Since taking over management of the Digital Media Group at Cornell University Library in 2005, a/v has felt like my own personal white elephant in the room. I knew that at some point (always “very soon”) I was going to have to deal with it, but didn’t have the staffing, resources, or know-how to really begin to tackle it. I sensed the overwhelming complexity of formats; the problems of nascent delivery platforms; and the lack of a viable preservation system (not to mention standards) to handle the files in perpetuity.
So instead I punted, outsourcing when necessary, but also developing very small “boutique” collections of a/v content on which to cut my teeth. (One particularly fun and successful project involved partnering with the University of Bremen to digitize, describe, translate, and caption 22 films by the German filmmaker Alexander Kluge: http://muller-kluge.library.cornell.edu/en/index.php.) While I learned a huge amount in the process of developing this type of collection, it in no way approached the range of activities needed to deal with a/v in a systematic way across the Library’s vast holdings.
In pondering audio/video more expansively, I’ve always broken it into three primary components: digitization, delivery, and preservation (of course, metadata is integral to all three). I felt like, until we had a viable option for at least 2 out of 3 of these, it would be folly to pursue it seriously. Then in 2010 Cornell University contracted with Kaltura to support delivery of a/v assets campus-wide, and Cornell Library completed Phase 1 of its (long-overdue) Fedora based archival repository. When, in 2011, the Goldsen Archive became the official repository for the Experimental Television Center’s 40-year history of artist produced tapes (a phenomenal and historically significant collection), I knew it was time to begin to tackle the digitization piece. We applied for internal funding from the College of Arts & Sciences, and were awarded a small grant to digitize a portion of the Center’s VHS tapes.
By design I knew I wanted to begin simply. Starting with a single collection and a seemingly more accessible format like VHS seemed doable. Despite these good intentions, it’s been significantly more complicated than I anticipated. The classic trope, “the more I learn the more I realize how little I know,” definitely rings true in this case. That said, we now have a functional space and workflow for digitizing VHS content and will expand to cassette tape soon. We contracted with Chris Lacinak at AudioVisual Preservation Solutions (AVPS) in New York to help us establish our lab-space and workflow (highly recommended- those guys are great), and hired an internal person with subject expertise in video art to begin digitization. We knew we wanted preservation and access quality versions, so we decided to benchmark at an uncompressed 10 bit format, which upped our storage requirements significantly (and also negated the possibility of using our current archival repository, which isn’t set up to ingest such large files). All in all, it’s been a rewarding endeavor, but if I had to do it all over again, here are a few things I wish I’d known in the beginning.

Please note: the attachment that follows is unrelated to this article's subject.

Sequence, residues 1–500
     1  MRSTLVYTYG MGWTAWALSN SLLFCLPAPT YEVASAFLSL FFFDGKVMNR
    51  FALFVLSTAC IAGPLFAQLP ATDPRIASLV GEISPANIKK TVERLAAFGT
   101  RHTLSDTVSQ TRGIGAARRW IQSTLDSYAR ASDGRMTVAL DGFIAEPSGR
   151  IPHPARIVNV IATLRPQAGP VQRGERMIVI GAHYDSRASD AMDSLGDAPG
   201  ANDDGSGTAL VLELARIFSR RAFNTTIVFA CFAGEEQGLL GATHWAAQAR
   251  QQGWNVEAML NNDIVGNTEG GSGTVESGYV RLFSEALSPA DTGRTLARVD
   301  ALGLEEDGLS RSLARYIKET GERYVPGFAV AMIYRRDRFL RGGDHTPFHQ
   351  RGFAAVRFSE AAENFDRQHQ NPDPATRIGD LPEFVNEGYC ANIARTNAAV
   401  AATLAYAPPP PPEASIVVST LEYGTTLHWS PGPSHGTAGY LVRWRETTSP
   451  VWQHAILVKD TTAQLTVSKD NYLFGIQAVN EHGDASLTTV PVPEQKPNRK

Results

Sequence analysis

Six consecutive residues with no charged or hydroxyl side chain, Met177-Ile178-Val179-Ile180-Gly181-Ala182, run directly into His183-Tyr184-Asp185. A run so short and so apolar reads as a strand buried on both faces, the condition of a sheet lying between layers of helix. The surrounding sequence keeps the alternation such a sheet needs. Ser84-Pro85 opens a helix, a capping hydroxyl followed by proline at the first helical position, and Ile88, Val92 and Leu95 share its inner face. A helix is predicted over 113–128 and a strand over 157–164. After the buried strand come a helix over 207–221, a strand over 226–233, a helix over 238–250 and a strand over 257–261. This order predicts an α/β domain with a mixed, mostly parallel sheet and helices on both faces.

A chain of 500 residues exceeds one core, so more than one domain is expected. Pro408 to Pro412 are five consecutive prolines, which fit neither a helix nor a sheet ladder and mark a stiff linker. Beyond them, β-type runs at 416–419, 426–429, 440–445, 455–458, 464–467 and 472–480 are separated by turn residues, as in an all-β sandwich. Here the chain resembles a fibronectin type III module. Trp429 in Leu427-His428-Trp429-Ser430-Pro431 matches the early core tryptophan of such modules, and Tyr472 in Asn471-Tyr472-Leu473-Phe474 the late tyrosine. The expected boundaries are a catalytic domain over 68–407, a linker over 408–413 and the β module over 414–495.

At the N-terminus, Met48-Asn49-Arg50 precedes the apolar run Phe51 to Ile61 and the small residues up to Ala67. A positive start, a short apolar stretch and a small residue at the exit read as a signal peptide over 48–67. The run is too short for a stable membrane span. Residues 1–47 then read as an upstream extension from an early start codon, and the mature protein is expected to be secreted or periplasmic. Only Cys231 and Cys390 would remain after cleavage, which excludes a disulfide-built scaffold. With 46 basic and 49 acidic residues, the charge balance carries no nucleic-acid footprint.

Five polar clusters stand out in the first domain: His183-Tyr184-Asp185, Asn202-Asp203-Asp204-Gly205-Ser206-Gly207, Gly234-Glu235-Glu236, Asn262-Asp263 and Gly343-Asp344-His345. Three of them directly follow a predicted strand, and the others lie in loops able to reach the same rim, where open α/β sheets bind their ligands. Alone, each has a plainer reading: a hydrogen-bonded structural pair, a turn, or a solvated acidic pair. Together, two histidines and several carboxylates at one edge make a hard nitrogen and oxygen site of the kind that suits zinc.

- It was naïve of me to think that I could get away without hiring an official a/v technician. While we have made progress in digitization, it’s been a very steep learning curve, much of which could have been mitigated by having a knowledgeable person on staff. It was equally important to have the subject-expert involved, but trying to cut corners by merging the positions was unadvisable. We have, however, just posted for an a/v specialist, and should have the position filled in January.
- Starting with an albeit very compelling collection of experimental video art dating from the 1970’s — well, I probably could have thought this one through a bit more. I can see it as either incredibly demanding or remarkably forgiving, depending on the day and my mood. In short, it’s really hard to determine whether that tracking error or color shift was by design (think Nam June Paik) or a problem in the tape, further complicating the capture and qc process.
- Setting up a viable lab-space for a/v is much more demanding than for still images. One huge factor I didn’t consider: the potential electrical frequency interference from the small mechanical room adjacent to our lab. We had to find another location within the Library to set this up (never an easy prospect with the shortage of space typical of academic institutions). We are still in the process of finalizing appropriate furniture layout for the space.
- Overall, the a/v workflow is simply way more complex, from capture to qc to preservation — every step of the way is fraught with significant technical demands and challenges. Proceed with caution.
While I’m glad to have started this process, it’s still very daunting to contemplate what lies ahead. We have vast holdings of a/v content at very high risk, and no real way of dealing with it. For this reason, a colleague at the Lab of Ornithology and I have initiated a campus wide group to try to develop a comprehensive plan to deal with the University’s a/v assets, modeling our approach on the successful work done by Indiana University. While there is no guarantee of success, I’m looking forward to learning more about what I don’t know (and probably won’t ever know), but hopefully getting the funding to hire someone who does. Stay tuned.
PS — On the delivery front, this is a whole different story. Let’s just say nothing is ever “out of the box.” We are in the final stages of implementing Kaltura for the Library, after making a number of regrettable compromises in the process. Write me if you want the gory details.
// Danielle Mericle
Digital Media Group, DCAPS
Cornell University Library